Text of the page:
The final presentation by Prof Lesley Millar was a typically meaty presentation of text, textiles, interior spaces, literary references, and philosophical thinking discussing ‘how the use of textile structures in architecture influence our perception and interpretation, and ultimately our memory, of things experienced’ (taken from the conference abstract).  As ever, it was so jam-packed full of content that I wished for a transcript that I could study with time to absorb all the connections she made.  Using images sourced from exhibitions Lesley has curated in the past, all of which have had a huge impact on how we, in the UK, view and understand textiles as art, including from Textural Space, and Lost in Lace, and also the recent exhibition in Salts Mill, Cloth and Memory, we were taken on a narrative of threads which joined, defined, revealed and concealed interpretations and left us with plenty to think about.

In addition to all this mental stimulation, we were also able to take time over lunch to visit the Art_Textile exhibition.  One of the highlights for me was my first real experience of an Abakan, a large tapestry piece by Magdalena Abakanowicz.  Interestingly, I was also drawn to the shadows created underneath the piece by the positioning of the lighting on both sides of the work.  I was also really pulled in by Anne Wilson‘s delicate stitching of holes on old damask table linens.  They had an ephemeral appeal to me, the tiny stitches of colour like finely ground powder grains, piled on top of each other to give a feeling of brightly coloured growths of decay, ‘blossoming’ on the old fabrics.

At the end of the day, I was left sitting on a crowded train with my brain in overdrive and a contented smile on my face!  Stimulation for mind and soul.  Many congratulations to Sonja Andrew, Dr Brenda King and all those involved in co-ordinating and organising such a stimulating day!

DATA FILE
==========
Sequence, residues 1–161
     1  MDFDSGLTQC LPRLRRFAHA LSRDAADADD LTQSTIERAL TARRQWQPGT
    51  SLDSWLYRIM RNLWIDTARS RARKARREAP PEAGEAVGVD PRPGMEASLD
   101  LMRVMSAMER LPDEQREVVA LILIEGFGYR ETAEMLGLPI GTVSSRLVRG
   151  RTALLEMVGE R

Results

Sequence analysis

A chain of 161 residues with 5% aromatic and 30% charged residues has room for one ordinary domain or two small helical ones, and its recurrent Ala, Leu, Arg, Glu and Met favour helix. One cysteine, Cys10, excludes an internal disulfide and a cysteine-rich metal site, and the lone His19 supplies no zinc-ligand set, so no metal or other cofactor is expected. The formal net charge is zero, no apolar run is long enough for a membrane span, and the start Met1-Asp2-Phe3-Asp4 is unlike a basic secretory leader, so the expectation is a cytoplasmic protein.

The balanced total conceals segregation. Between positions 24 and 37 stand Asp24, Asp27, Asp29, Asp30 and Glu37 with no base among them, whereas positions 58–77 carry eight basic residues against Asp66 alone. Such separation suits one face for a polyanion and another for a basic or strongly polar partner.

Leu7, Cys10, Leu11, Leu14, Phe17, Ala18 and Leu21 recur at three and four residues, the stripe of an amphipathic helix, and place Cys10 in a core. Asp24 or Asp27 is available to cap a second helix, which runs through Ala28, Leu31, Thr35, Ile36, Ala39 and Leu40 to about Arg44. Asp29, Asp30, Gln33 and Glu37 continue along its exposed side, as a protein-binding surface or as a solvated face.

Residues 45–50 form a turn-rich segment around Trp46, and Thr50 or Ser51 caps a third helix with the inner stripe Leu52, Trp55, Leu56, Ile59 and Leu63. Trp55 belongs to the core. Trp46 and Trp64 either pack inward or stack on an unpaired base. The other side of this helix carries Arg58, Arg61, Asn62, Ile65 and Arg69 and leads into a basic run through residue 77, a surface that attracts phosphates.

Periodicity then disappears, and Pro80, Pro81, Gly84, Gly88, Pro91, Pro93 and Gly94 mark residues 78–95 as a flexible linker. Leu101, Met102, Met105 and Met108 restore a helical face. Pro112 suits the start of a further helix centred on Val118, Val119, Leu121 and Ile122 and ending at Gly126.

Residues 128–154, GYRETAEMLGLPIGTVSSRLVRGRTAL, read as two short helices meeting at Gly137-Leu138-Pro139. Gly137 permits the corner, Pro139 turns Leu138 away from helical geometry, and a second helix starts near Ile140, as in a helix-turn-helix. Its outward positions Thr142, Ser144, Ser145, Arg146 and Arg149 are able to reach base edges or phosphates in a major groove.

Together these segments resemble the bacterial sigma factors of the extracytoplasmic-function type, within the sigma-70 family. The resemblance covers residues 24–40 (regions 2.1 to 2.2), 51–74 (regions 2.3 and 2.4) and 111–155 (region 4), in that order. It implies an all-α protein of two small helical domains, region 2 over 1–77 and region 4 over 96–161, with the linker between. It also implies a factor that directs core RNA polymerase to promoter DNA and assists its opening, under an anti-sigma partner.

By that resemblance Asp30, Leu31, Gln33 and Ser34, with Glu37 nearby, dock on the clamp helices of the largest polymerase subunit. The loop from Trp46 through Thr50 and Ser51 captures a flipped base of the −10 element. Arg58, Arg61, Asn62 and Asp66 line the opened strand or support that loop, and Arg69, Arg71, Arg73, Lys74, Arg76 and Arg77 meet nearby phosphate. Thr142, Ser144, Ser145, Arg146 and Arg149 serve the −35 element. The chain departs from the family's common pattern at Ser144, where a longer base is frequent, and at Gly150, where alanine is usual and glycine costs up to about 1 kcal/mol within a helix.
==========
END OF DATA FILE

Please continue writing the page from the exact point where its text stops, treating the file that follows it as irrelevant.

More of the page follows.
Next year’s conference will be on Saturday 5th November 2016 at the Wellcome Trust, London and is entitled Textile Futures: Technology Materials and Preservation.  It will examine recent advances in textile design, materials and technology, particularly emerging ideas and appraoches that may change the way we design, make, use and preserve textiles in the future.  I urge you to register your interest early : conferences@textilesociety.org.uk

20 May, 2012

Weaves That Shape Themselves, Pairings and Textile Matters

What a bumper few days!  A book launch with an accompanying exhibition, the Stroud International Textile Festival exhibition, and a textiles seminar in three days!  Food for the eyes, the brain and the soul!

Taken in the order I experienced them, firstly a book launch at Handweavers Studio in London for Ann Richards’ book “Weaves That Shape Themselves”.  Detailing many of Ann’s experiments and discoveries over a twenty-year period, this is a great addition to a weaver’s library, sharing hints, tips, and lots of very useful knowledge on high twist yarns, weave structures that pleat and shape and finishing processes.  She also includes a number of other weavers who are exploring texture through structure and interesting yarns and processes.  (Hand up here to a vested interest – there is one image of my work in the book – thank you, Ann!)

The launch was attended by a number of weavers whose work is in the accompanying exhibition currently at Handweavers Studio, including Lotte Dalgaard (Denmark), Berthe Forchhammer (Denmark), Fiona Crestani (Austria), Lucia Schwalenberg (Germany), Jennie Parry (UK), Bobbie Kociejowski (UK), Wendy Morris (UK) and me.  Other pieces in the exhibition are from weavers such as Deidre Wood (UK), Geraldine St Aubyn Hubbard (UK), Emma Sewell (UK), Sheila Reimann (NZ), Liz Williamson (Australia), Anna Champeney (Spain), Andreas Moller (Germany), Dorte Behn (Germany), Gusti Austin-Lina (Netherlands), Teresa Kennard (USA), Kasuhiro Ueno (Japan), Noriko Matsumoto (Japan), Junichi Arai (Japan), and Reiko Sudo (Japan).   A wonderful treat!  The exhibition is on for another couple of weeks, so I urge you to go and visit very soon!  And, of course, you are surrounded by the very yarns that are used to create the myriad effects on show!  And you can buy the books….

Secondly, the Stroud International Textile Festival has been running for a number of years.  This year, due to reduced funding, there is just one main exhibition in the beautiful setting of the Museum in the Park in Stroud.  Instigated by Alice Kettle, the exhibition is ‘Select Pairings II‘, the collaboration of different artists, usually in pairs, with at least one of the partners a textile artist.  The artists featured are Alice Kettle who paired with David Gates and Jane Webb; Ismini Samanidou who paired with Sharon Blakey; Kate Egan who paired with Vanessa Cutler; Dawn Mason working with Dr Nigel Hurlstone, Shelly Goldsmith working with Annie Shaw, Jane McKeating collaborating with Jilly Morris, and Janet Haigh with Rachel Kelly.  There were also three individuals whose work was on show – Clair Curneen, Rhian Solomon, and Fiona Haines.